But, critically, furnishing weaponry always implies a choice of fighters to pull the trigger. This in turn has historically required an effort to identify and categorise certain groups, often – though not always – “minorities” like the Kurds, as distinctively reliable, martial proxies. Who gets the guns, and on what basis, is therefore the key question.” Simon Jackson on the history of proxy warfare in the Middle East (The Conversation)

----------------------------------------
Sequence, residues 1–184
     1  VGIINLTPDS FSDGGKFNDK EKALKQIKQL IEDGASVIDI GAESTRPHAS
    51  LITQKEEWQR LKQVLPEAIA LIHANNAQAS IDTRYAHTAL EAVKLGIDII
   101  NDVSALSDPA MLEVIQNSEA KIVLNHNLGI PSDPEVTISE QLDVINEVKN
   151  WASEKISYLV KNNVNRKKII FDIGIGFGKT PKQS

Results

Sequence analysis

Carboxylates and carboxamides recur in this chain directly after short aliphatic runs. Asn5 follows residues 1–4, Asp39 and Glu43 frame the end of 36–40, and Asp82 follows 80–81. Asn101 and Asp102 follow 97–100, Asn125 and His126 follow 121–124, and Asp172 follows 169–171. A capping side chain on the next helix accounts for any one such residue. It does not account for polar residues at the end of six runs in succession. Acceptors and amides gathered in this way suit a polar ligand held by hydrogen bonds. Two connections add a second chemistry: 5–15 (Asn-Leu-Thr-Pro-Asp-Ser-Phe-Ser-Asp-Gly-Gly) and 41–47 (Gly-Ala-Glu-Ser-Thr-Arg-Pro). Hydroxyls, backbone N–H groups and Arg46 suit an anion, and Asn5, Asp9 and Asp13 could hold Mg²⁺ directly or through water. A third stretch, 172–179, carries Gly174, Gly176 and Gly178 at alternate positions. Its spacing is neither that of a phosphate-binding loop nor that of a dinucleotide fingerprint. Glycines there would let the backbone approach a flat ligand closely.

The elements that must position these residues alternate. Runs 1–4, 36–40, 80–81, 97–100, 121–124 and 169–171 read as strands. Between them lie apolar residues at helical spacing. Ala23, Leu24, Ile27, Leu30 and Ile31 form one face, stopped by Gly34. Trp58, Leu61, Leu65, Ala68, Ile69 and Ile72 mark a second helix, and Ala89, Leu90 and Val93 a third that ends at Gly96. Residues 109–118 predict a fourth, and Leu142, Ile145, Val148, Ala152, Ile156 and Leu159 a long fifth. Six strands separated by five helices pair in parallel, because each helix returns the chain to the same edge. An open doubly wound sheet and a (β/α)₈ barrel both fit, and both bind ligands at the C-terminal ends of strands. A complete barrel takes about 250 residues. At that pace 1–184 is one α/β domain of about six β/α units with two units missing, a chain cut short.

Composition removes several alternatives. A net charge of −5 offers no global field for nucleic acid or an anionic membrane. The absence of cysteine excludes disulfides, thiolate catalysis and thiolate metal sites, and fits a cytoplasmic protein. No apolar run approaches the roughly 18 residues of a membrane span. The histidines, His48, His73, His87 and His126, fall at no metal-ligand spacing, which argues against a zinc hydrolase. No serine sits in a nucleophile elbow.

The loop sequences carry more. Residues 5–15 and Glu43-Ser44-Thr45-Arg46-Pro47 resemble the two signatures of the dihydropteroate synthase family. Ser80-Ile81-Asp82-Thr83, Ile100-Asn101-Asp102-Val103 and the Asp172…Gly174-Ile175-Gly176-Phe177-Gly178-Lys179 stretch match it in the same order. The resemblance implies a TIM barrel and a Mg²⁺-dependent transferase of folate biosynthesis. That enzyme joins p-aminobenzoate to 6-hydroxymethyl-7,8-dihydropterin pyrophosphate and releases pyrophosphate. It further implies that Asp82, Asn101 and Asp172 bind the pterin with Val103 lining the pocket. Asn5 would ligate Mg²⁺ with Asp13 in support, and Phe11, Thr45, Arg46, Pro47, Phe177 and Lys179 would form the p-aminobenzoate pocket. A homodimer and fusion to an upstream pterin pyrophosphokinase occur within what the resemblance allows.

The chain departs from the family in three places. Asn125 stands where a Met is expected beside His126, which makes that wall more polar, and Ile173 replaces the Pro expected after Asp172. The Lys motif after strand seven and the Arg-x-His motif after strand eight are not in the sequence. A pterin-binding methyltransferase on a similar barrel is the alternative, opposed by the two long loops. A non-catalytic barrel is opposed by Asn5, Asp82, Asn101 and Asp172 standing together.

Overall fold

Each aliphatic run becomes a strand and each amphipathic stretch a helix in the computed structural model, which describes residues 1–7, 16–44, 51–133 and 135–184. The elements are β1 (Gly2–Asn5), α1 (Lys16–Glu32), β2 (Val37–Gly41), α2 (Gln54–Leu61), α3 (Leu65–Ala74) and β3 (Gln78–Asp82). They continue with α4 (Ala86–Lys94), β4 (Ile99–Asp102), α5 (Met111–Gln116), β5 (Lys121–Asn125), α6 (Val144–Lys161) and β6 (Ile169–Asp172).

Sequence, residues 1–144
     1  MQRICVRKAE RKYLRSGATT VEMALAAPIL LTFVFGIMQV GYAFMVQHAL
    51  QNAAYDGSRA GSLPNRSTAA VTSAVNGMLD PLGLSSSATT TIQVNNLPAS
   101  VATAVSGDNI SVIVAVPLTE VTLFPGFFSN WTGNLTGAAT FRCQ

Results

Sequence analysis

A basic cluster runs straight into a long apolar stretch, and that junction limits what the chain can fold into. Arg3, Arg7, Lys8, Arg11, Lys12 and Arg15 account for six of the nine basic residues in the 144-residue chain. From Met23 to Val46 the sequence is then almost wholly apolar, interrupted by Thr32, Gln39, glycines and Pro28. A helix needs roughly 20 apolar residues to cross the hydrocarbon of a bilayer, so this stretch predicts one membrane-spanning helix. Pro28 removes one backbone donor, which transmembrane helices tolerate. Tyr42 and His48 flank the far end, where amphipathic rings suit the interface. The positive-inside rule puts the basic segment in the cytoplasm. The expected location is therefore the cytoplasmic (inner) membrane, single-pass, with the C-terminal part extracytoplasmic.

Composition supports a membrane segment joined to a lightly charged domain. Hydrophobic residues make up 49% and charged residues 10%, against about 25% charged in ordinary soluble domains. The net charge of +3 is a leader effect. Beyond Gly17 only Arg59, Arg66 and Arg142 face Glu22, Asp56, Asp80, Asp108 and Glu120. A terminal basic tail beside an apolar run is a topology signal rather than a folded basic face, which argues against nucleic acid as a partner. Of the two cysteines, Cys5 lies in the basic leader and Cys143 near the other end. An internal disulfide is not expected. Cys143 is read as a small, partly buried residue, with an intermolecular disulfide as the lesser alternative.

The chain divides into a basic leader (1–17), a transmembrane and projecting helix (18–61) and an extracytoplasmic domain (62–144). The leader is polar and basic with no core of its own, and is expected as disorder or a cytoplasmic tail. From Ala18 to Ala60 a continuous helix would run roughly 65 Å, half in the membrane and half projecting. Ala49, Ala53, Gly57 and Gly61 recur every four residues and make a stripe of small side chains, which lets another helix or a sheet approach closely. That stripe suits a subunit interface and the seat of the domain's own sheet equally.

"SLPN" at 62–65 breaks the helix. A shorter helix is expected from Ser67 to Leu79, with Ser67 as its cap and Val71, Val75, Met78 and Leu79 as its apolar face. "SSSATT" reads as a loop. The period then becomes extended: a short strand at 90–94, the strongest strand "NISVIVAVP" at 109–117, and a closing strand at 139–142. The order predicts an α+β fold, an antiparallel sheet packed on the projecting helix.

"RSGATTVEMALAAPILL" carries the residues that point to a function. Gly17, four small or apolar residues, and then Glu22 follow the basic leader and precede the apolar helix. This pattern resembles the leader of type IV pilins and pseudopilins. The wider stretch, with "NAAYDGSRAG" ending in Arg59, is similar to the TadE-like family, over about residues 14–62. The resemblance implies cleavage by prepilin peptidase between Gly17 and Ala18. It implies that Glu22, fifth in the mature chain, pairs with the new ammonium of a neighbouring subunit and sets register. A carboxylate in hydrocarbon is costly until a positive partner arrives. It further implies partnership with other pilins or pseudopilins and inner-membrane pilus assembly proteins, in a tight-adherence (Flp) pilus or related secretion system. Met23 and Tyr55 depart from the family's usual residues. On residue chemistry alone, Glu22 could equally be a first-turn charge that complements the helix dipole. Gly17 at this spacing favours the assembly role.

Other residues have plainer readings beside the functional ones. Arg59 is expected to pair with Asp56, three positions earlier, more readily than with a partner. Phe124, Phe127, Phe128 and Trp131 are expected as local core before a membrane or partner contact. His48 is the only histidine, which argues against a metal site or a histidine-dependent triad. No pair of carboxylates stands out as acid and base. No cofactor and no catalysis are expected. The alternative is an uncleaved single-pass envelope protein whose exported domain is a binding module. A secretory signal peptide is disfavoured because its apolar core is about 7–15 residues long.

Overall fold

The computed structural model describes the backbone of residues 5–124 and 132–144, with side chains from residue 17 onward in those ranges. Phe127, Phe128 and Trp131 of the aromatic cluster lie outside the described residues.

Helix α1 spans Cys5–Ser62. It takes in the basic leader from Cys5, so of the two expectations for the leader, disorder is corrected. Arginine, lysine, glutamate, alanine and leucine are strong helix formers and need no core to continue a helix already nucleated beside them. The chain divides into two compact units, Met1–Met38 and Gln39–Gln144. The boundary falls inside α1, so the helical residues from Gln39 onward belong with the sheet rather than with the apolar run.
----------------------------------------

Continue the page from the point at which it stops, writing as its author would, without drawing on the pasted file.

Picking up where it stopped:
Advertisements

Leave a Reply

Fill in your details below or click an icon to log in:

WordPress.com Logo

You are commenting using your WordPress.com account. Log Out / Change )

Twitter picture

You are commenting using your Twitter account. Log Out / Change )

Facebook photo

You are commenting using your Facebook account. Log Out / Change )

Google+ photo

You are commenting using your Google+ account. Log Out / Change )

Connecting to %s